You can be forgiven if you needed to take a breather after the climactic and dramatic events of the previous season of Vikings

We all assumed that everyone's favorite semi-legendary Viking, Ragnar Lothbrok, was soon to expire, having failed to breach the walls of Paris. 

Yet, with an almost biblical plot twist, Lothbrok rose, like a Viking Lazarus, to lead his brethren to storm the city and lay waste to it, giving the audience a great look at the events of 845.

Having cheated death – once again - and left his brother (and frenemy) Rollo in charge, Ragnar heads back to Kattegat feeling safe, secure, and smug. 

However, not everything is as it seems. 

Despite all his glory, Ragnar's life slowly seems to slip away, thanks, in part, to his introduction to opium, brought to Kattegat by an "eastern" slave. 

Much of this series sees Ragnar constantly dodging deadly power grabs, threats, and challenges both at home in Kattegat and abroad, especially in Francia and the British Isles. 

At the start of the series, we find Ragnar at the peak of his powers, but the wheel of fortune can quickly turn, and suddenly, he is down on his luck and struggling to keep his sanity, let alone his throne and fortune intact. 

Rollo's transition from a Viking warrior to the first Duke of Normandy is marked by his deep immersion into Frankish culture and his complex relationship with his Norse heritage. Source: HISTORY Channel, screenshot (Copyright, fair use)

Both sides of the English Channel 

The blending of fact and fiction, of saga and historical sources, is what makes Vikings such compelling viewing. 

Take, for instance, Ragnar's brother Rollo. 

Where we left off in the last series, Rollo was in the process of being married off to a Frankish princess and granted a section of land to defend (from his brother and other Vikings) by the Frankish emperor.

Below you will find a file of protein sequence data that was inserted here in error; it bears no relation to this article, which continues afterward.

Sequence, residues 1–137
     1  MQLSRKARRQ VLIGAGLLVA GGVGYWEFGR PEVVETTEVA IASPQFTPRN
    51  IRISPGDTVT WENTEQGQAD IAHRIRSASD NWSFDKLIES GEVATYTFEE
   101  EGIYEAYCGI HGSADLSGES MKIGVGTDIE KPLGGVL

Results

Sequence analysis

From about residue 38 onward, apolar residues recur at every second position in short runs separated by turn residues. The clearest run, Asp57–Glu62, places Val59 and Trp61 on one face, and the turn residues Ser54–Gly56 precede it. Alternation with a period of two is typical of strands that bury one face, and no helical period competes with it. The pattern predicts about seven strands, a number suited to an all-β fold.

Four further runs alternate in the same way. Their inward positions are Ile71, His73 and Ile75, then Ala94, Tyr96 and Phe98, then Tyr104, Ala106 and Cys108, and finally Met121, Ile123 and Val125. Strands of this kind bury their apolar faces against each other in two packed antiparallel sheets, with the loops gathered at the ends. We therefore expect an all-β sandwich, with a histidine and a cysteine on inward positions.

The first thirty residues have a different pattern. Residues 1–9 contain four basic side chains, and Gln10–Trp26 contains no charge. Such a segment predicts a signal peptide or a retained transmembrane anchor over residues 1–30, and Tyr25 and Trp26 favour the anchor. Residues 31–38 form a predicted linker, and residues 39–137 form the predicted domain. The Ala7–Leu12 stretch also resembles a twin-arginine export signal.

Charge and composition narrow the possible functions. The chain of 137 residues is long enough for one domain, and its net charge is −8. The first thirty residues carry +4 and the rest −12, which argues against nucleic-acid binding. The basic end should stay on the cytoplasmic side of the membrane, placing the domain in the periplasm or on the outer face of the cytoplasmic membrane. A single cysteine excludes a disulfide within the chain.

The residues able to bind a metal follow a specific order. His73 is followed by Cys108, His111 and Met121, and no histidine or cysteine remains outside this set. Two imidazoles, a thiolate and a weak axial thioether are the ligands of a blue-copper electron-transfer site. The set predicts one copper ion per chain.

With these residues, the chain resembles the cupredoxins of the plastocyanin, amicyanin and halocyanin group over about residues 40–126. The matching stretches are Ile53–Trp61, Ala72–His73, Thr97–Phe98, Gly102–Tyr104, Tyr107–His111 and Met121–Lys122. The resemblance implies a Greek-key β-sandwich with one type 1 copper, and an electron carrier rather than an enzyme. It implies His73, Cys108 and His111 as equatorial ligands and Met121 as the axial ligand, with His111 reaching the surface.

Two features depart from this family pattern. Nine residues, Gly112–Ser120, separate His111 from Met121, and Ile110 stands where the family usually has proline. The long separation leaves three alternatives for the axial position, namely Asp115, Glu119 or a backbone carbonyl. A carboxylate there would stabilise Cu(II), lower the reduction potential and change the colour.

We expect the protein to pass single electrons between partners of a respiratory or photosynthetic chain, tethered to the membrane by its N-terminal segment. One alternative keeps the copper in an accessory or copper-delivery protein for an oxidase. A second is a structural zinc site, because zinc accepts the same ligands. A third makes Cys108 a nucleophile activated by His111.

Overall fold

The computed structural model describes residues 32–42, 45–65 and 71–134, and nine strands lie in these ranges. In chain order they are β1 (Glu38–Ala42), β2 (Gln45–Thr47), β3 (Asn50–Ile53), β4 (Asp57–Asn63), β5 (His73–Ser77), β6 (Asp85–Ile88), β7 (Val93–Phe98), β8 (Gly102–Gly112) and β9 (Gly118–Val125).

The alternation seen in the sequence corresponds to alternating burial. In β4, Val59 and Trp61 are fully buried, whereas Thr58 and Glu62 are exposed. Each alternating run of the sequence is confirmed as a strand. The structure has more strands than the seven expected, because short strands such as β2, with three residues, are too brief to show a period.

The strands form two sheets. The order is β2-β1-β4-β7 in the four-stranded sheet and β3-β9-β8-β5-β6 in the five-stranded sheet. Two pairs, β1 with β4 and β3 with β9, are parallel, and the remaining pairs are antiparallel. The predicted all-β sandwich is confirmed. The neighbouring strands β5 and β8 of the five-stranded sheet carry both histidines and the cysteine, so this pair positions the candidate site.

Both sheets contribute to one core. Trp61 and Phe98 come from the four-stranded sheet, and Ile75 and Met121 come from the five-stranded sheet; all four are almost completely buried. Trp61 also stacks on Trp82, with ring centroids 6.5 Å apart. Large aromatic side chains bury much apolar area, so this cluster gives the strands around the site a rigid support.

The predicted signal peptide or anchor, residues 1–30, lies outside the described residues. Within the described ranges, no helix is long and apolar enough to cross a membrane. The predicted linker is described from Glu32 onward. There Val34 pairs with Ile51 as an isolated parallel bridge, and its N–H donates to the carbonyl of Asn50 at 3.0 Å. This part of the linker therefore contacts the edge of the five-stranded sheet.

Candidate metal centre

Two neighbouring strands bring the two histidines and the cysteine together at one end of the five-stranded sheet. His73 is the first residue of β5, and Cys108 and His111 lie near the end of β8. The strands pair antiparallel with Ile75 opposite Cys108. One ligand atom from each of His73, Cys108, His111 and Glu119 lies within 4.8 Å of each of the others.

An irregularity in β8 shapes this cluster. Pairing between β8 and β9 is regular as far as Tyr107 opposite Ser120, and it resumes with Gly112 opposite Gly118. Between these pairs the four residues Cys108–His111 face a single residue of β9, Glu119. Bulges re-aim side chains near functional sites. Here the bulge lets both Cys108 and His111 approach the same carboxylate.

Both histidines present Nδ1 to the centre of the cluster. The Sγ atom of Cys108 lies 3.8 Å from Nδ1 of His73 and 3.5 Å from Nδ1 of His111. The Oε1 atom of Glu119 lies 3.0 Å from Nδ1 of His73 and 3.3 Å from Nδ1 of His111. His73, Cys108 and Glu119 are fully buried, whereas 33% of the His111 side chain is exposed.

Rollo soon learns the Frankish tongue and becomes so absorbed in his newly adopted culture that he goes about slaughtering the remaining Vikings encamped around Paris. 

Much of the story arc of Rollo seems to be ripped straight from the historical sources and chronicles, which means that the scriptwriters get a big tick of approval from us at The Viking Herald for this series. 

The granting of territory to the Viking leader by Frankish Emperor Charles the Bald in 911 marked a definitive turning point in the history of Europe, and this series of Vikings hones in on this important historical event. 

While the Vikings had established settlements in other areas of Europe – along the many rivers that snake through Eastern Europe, the British Isles, and Iceland – none would prove as significant as Normandy. 

Rollo is credited as being the first Duke of Normandy, and within a century and a half, his descendant mixed a Viking warrior ethos with Frankish military organization so effectively as to seize the English throne.